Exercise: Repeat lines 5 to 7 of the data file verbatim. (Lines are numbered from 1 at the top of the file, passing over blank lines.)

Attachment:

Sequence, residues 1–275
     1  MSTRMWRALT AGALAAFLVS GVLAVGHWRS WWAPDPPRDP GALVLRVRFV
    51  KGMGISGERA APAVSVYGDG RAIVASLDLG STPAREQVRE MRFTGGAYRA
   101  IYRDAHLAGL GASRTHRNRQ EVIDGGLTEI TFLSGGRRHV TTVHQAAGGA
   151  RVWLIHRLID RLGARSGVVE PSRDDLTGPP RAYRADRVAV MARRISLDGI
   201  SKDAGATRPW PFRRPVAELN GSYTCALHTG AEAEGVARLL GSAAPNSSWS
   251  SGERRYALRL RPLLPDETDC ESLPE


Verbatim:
   151  RVWLIHRLID RLGARSGVVE PSRDDLTGPP RAYRADRVAV MARRISLDGI
   201  SKDAGATRPW PFRRPVAELN GSYTCALHTG AEAEGVARLL GSAAPNSSWS
   251  SGERRYALRL RPLLPDETDC ESLPE